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BRATTLEBORO — Compassionate Brattleboro — an organization created when the town voted overwhelmingly to become part of the Charter of Compassion in 2017 — is embarking on a new fundraising campaign to help a needy family in one of Brattleboro’s sister communities in Haiti.

Over the past four years, numerous activities have been undertaken relating to the needs of local citizens, particularly in the areas of education and health. But there also has been an expressed need to work with and assist communities and families outside of the Brattleboro area facing particular hardship.

Brattleboro has bragging rights to having seven sister communities (well beyond that of any comparable town in New England). These include two Native American communities plus towns in El Salvador, Haiti, Kenya and India, and a town with similar compassionate interests in New York state. There will soon be a signboard in downtown Brattleboro pointing to these sister communities, plus classroom interactions across these communities.

Once the COVID pandemic is over, Compassionate Brattleboro will be developing a series of creative projects with its sister communities. Imagine, for example, groups of local teens joining teenagers in the hometown of Kenya’s Nobel Prize winning environmentalist Wangari Maathai for “green safaris” – planting trees together while watching wild animals.

Compassionate Brattleboro is initiating a series of fundraising undertakings – one each spring, to support a particularly important project in a sister community. The first of these, this spring’s project, involves going to the aid of a desperately needy family in Haiti – the very poorest in that community, described below. The hope of Compassionate Brattleboro is that with modest contributions from a large number of local citizens, the group will be able to accomplish something extraordinary.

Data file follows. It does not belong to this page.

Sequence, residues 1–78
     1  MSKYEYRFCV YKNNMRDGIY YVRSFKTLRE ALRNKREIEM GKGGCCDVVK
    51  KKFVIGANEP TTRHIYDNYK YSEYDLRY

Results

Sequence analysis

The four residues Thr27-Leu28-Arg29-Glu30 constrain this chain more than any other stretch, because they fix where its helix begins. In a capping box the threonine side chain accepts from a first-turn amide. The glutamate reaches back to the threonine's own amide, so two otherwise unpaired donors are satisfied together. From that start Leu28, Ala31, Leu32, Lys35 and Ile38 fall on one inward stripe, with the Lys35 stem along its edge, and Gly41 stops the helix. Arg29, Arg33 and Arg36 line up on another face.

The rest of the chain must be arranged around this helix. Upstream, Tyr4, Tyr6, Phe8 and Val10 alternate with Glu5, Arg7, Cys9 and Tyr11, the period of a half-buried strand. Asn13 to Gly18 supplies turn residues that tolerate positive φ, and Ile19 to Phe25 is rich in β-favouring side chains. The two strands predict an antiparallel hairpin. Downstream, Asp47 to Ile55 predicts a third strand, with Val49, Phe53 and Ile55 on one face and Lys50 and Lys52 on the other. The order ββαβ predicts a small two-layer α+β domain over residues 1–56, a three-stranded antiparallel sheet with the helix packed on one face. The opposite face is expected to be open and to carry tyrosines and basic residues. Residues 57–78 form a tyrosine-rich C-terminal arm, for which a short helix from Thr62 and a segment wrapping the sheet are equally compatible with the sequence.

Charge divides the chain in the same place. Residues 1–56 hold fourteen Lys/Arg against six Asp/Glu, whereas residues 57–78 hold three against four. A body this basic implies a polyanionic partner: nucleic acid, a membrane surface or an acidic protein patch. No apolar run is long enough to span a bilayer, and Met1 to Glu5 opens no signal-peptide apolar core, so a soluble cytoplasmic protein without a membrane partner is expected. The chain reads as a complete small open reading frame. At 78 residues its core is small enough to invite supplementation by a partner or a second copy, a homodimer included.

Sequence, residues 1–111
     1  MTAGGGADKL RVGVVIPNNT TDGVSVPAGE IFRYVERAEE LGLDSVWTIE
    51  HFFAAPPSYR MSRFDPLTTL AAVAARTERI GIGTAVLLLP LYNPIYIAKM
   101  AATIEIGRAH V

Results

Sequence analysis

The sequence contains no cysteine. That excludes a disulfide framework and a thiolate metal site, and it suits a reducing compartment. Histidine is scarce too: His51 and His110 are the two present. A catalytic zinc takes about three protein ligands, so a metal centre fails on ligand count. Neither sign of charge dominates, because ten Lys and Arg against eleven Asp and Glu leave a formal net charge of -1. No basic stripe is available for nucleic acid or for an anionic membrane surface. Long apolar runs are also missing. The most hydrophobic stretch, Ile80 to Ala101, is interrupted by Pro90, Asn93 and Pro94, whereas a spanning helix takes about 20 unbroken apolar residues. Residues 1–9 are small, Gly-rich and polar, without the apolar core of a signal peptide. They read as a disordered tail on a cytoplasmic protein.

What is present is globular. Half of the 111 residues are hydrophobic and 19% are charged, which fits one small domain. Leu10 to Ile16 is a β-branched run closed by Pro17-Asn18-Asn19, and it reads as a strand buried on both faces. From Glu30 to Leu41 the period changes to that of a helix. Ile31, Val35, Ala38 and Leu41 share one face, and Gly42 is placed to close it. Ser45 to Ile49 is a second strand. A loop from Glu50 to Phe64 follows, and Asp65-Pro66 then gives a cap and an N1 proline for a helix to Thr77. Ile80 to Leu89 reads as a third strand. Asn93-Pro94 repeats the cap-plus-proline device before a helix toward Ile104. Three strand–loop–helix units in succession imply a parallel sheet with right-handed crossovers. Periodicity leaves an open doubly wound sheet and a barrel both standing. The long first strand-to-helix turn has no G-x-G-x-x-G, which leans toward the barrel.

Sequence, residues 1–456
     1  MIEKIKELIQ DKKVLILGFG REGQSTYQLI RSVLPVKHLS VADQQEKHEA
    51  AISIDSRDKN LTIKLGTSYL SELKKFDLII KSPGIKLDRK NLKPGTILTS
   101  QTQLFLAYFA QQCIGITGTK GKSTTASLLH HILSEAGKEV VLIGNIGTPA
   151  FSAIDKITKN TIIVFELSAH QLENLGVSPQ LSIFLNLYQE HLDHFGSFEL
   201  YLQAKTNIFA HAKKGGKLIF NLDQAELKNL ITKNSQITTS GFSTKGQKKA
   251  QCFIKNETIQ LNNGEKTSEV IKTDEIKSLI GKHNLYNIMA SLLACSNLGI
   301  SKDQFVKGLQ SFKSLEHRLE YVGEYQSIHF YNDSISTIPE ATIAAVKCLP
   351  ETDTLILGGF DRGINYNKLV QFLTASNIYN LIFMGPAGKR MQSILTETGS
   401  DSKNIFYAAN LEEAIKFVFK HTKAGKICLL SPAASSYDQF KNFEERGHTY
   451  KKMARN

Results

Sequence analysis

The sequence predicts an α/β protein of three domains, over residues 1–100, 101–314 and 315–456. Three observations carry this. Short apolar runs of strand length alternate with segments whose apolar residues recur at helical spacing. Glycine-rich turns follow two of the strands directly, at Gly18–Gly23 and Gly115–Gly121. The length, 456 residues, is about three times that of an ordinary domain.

Here’s the story of the family that Compassionate Brattleboro wants to help in the sister community of Meyer, Croix-des-Bouquets, Haiti:

The mother of the Lamour family, suffering from pre-eclampsia, recently gave birth to twin girls by emergency cesarean. The family has three older children aged 13, 8 and 7. They are living in a temporary shelter made of cardboard and miscellaneous material. The family is unable to pay even the modest fees necessary for school enrollment of the older children. The father, also ill, was recently robbed of his earnings.

The target set by Compassionate Brattleboro is $10,000, enough to purchase land and building supplies to permit the building of a small house for this family, the payment of school fees, and the health care necessary to get the parents back on their feet.

To facilitate the process, Compassionate Brattleboro has set up a Go-Fund-Me at:

This channels tax-deductible contributions through Compassionate Brattleboro’s non-profit, with funds going immediately and directly to this family with assistance from the Haiti Orphanage Sponsorship Trust.

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